Kochi: One of the final films starred in by Om Puri will make its Kerala premiere at the ongoing third edition of the Kochi-Muziris Biennale (KMB) on Tuesday. The feature, A Million Rivers, will be screened in tribute to the cinema icon, who died last month.
The 2016 film will be shown in a special package, titled ‘Cinema from the Sub-continent’, on Tuesday (Feb 7) at the Pavilion, Cabral Yard, at 6.30 pm. The package, conceptualised by the Kochi Biennale Foundation, will be screened intermittently throughout the Biennale as part of the Foundation’s ‘Artists’ Cinema’ programme.
It casts Puri and actor-theatre personality Lillete Dubey as a married couple whose relationship looks to be falling apart. Puri’s character is confronted with his mortality – and, in this state of mind, chooses not to return to his wife, drifting instead into a kind of fantasy land.
“Om Puri seemed to work intuitively without labouring over the back story as a way to define the persona. His scenes are at times absurd, dark, thoughtful, and mostly fluctuating between that dream versus reality space as his character starts to split apart mentally and emotionally,” said director Sarah Singh, whose 2007 documentary on Partition, The Sky Below, was widely acclaimed. A Million Rivers is her debut feature.
Noting that she “never really had to direct him”, Singh said, “Mr. Puri seemed to enjoy doing the improv scenes. He didn’t really read the script, and would ask for a bit of scene description right before we would film a scene. When he had heard enough, he would raise his hand, gesturing ‘Okay, I understand’. In the very first take, his body language and eyes portrayed everything I was asking for and much more. I just had to create a kind of environment that suggested a certain psychological space.”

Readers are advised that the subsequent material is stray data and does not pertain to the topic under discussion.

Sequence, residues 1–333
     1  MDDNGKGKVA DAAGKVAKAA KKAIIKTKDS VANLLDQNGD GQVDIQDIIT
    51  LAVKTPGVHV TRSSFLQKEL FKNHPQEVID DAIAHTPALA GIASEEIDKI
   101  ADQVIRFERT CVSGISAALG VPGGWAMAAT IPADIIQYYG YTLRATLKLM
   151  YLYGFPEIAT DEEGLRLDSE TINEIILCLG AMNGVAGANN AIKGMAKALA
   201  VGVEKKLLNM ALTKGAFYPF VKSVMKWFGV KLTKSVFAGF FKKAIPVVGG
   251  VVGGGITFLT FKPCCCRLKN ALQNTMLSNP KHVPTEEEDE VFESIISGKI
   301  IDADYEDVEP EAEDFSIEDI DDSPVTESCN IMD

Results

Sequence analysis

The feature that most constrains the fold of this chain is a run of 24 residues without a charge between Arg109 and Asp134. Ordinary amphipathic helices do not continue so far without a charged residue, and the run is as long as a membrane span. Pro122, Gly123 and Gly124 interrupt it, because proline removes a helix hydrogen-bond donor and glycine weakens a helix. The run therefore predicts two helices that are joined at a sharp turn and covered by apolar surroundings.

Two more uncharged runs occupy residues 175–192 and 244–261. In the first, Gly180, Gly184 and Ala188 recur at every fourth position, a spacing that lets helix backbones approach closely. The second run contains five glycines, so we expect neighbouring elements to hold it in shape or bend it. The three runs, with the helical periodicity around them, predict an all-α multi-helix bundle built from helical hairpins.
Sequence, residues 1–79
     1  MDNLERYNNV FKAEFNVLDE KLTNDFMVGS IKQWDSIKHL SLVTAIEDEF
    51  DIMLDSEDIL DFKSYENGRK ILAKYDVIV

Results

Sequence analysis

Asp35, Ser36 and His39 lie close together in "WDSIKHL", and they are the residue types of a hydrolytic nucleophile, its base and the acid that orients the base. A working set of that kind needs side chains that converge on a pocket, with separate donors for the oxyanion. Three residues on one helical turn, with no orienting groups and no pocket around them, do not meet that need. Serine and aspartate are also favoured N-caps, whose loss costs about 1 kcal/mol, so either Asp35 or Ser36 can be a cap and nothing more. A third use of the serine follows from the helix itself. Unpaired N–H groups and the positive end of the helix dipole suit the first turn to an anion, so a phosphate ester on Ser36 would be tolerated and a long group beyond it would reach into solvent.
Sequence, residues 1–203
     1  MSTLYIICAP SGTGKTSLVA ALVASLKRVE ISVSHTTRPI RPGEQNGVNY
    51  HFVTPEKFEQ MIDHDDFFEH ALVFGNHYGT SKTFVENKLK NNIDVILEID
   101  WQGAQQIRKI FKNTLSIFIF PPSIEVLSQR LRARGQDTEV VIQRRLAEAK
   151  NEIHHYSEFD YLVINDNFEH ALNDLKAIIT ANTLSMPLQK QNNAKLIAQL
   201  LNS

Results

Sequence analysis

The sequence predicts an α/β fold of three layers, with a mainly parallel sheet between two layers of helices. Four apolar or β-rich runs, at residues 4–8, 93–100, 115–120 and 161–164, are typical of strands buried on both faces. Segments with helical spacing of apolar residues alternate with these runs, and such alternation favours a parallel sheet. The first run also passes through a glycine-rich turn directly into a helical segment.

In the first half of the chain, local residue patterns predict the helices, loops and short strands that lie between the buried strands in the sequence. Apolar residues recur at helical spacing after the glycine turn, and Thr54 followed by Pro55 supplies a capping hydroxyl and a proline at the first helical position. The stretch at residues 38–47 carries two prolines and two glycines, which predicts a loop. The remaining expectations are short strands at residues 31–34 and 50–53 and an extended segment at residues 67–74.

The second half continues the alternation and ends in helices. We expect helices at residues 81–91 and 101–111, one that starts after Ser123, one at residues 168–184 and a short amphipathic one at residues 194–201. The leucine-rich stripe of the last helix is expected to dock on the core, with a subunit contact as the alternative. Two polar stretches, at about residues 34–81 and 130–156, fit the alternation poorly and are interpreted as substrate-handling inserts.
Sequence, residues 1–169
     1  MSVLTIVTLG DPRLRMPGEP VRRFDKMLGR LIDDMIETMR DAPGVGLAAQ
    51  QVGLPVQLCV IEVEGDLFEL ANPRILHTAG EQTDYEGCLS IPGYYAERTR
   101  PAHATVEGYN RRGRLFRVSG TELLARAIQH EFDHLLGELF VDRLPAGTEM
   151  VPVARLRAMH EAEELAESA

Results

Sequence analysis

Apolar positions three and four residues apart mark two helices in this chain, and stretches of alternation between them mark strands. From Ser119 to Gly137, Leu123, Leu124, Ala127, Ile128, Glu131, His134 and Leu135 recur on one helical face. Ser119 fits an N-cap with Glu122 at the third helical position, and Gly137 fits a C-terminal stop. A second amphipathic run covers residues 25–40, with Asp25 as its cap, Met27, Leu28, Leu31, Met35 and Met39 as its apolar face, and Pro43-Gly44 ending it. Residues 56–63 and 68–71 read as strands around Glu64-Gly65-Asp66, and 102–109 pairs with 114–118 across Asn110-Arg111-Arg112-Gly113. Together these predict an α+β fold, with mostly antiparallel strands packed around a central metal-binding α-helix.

The short feature – shot in stark black and white – explores universal themes such as violence, both self-inflicted and over one’s environment; aggression; crises of identity; fragmentation; female empowerment; communication breakdown; memory as elliptical reality and unrequited love, as seen through multiple points of view.
“These themes are components of major historical events and certainly they were realities that were central to the time around Partition. So, thematically there is an exploration of certain universal human experiences that are abstracted and represented indirectly through surrealism and metaphor in the film,” Singh said.
Dubey’s character is the epitome of a strong woman who is in control of her life. “She embodies in real life exactly the character I wanted to portray on screen: a self-assured working woman who commands whatever situation she is in with an uncommon vibrancy. She was so generous in playing the character with a variety of levels of drama, which worked well for me because some scenes required more theatricality while other moments needed intense, but nearly invisible expressions and reactions,” Singh said.
This was partly because Puri and Dubey’s characters don’t once share the frame in the nearly hour-long film. Rather, Singh explores the dynamic between the dying, wayward husband and a mysterious female character who only periodically appears on screen.
“After a glimpse in the beginning of the film, she reappears much later in a fantasy scene with Mr Puri’s character. The dynamic between these two could be explained in many different ways, and perhaps is one of the pivotal moments of the film,” Singh said.